Tuesday, 26 August 2014

Gabrielle Wang: Inspiration for Writing Workshop

By Nadine Cranenburgh

When I was young (and even now, to be honest) the mere hint that my parents had a love life sent me scurrying for cover, hands over ears. For similar reasons, Gabrielle Wang says her young adult novel Little Paradise, based on her parents’ love story, was the most difficult book she’s ever written.

Her imagination was taxed to the point where she didn’t have a single dream until the first draft was complete. This was followed by more time on tenterhooks when she asked her mother, now in her nineties, to vet the manuscript before publication. Luckily, her mother loved it. The result is a coming of age story that incorporates an exquisite blend of historical romance and magic realism. To complement the personal nature of the book, Gabrielle was also able to incorporate a vintage photograph of her mother in the cover design, along with several fashion sketches that her mother drew as a teenager in the end papers.

According to Gabrielle, everyone has untapped potential as a writer, but each of us needs to find something we want to write about. For her, it was the prejudice she experienced as a fourth generation Australian of Chinese origin. Her first book, The Garden of Empress Cassia, describes how she felt growing up. Every child feels like they don’t belong, she says, but in her case, looking different set her further apart. This is something I experienced as a ‘bitser’ growing up on the very vanilla Mornington Peninsula, and I’ve never seen it expressed better than in Gabrielle’s work. One of my favourite lines in Little Paradise comes after a teacher asks Mirabel whether her English is holding her back. "No, it’s you English who are holding me back," she thinks in response.

On Saturday, Gabrielle travelled from Melbourne, braving confusing freeway systems and a five-degree drop in temperature, to deliver inspiration to a room full of aspiring writers at the Museum of Australian Democracy at Eureka in Ballarat. Preliminary introductions revealed us to be a well-assorted grab bag of participants including: a children’s writer, a neuro-economist, a dramatist, a lapsed blogger, a couple of memoirists and a retired nurse with a passion for words.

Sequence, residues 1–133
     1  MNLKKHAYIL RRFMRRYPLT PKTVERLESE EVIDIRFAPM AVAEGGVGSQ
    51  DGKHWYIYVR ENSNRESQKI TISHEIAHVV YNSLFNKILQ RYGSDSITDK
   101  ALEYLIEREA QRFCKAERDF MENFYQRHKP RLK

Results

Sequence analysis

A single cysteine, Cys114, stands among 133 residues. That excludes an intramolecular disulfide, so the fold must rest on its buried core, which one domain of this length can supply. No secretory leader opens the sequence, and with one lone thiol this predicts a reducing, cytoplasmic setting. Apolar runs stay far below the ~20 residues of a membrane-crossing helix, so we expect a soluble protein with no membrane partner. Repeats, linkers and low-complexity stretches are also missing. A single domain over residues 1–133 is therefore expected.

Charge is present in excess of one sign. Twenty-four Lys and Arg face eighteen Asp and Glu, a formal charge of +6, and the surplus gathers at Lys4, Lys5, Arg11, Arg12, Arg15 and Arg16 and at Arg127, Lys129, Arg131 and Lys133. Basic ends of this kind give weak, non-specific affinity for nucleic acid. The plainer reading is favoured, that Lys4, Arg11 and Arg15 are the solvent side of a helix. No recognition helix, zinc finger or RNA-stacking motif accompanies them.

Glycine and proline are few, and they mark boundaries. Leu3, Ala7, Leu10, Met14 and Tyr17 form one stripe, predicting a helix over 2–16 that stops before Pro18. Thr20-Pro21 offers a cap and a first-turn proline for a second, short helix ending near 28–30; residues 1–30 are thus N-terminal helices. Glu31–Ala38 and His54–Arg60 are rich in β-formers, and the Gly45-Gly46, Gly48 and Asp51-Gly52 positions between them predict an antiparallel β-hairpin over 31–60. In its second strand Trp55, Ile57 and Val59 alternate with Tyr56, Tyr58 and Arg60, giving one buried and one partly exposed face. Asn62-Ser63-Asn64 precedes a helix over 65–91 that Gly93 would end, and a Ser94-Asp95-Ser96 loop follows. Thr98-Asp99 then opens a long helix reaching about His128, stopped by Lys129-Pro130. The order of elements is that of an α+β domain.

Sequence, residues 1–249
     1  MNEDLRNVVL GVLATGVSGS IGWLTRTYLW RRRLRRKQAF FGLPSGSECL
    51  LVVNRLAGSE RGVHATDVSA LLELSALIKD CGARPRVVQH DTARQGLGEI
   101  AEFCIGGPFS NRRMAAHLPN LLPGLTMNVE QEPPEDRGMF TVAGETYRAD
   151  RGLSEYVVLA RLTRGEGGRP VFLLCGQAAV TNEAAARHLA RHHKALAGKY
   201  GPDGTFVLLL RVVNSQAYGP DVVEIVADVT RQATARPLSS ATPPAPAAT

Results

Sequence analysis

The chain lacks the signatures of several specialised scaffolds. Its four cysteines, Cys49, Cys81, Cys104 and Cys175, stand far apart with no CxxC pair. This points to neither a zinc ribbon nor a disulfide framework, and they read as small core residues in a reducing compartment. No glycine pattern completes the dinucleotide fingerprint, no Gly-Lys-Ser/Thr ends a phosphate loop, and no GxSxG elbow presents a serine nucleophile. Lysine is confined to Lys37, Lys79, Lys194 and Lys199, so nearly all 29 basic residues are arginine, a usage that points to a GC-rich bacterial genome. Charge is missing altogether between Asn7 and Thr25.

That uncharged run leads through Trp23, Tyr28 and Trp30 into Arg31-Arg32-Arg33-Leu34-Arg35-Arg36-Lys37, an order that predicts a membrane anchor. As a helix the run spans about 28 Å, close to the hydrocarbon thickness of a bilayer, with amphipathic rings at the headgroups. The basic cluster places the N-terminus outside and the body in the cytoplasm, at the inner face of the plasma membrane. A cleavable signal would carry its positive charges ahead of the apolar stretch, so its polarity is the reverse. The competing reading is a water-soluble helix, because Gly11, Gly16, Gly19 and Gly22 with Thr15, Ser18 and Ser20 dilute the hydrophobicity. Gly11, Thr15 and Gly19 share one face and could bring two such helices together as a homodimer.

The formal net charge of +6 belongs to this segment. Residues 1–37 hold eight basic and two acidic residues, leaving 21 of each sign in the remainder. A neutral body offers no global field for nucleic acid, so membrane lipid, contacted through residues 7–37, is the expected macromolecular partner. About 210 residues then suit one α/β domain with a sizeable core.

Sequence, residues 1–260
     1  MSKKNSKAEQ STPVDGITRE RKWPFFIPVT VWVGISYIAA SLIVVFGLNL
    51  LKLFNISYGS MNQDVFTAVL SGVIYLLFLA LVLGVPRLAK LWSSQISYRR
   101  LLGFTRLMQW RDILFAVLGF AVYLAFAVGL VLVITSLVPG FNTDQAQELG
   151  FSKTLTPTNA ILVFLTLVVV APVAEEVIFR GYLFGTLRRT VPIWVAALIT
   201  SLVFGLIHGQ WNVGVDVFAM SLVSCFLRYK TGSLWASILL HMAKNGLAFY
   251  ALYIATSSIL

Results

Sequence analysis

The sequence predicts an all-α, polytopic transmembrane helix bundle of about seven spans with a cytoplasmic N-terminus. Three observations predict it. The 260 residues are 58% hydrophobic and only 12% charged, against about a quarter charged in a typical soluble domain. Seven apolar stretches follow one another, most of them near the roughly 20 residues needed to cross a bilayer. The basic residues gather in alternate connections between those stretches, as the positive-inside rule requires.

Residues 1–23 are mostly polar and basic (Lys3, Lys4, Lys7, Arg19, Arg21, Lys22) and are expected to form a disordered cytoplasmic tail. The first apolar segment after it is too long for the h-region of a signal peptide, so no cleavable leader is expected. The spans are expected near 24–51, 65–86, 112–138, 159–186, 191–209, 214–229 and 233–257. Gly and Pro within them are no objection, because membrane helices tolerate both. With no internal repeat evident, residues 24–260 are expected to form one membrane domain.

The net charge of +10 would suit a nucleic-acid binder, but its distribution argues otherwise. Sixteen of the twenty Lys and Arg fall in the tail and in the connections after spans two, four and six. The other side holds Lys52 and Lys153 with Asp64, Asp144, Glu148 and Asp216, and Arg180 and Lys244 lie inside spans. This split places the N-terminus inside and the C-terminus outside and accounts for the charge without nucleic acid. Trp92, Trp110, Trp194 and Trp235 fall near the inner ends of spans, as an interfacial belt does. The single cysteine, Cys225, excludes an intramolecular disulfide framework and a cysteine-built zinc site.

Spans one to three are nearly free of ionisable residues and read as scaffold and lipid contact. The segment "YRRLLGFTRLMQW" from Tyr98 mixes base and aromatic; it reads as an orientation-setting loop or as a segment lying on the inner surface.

This was no obstacle for Gabrielle, who is a seasoned workshop leader, skilled in holding the attention of audiences as challenging and as disparate as preps and teens. She had us writing straight away and, armed with a stack of photocopying paper, she made sure those who'd forgotten their notebooks weren’t left out.

We started with a simple free-writing exercise, letting go of conscious thought as we wrote, moving from there to sensory visualisation - describing memories linked to strong emotions. The most interesting exercise for me, though, was writing to another person’s memory, which we swapped anonymously. This lead to some unexpected and highly imaginative interpretations. Participants grew in confidence and daring as the session progressed, and by the end, words were gushing out and ideas were pinging. Gabrielle also shared tips and insights she has garnered in reference to the software program 'Scrivener,' which she uses to organise her longer works; the memoirists’ eyes lit up as they scrambled for pens to note the details.

Gabrielle was generous with her time, and stayed to answer a steady stream of questions after the session was done and before embarking on her long trip home. We discovered then that her first book was rejected nine times before it was published, that she really loves the editing process, and that no matter how well you research historical fiction, there will always be someone who knows better (and will not hesitate to correct you).

Afterwards, our little group congregated in a cafe, still buzzing from the inspiring hour and a half we’d just spent ­ letting our stories grow in our heads and scribbling them down on paper, because we knew they mattered.

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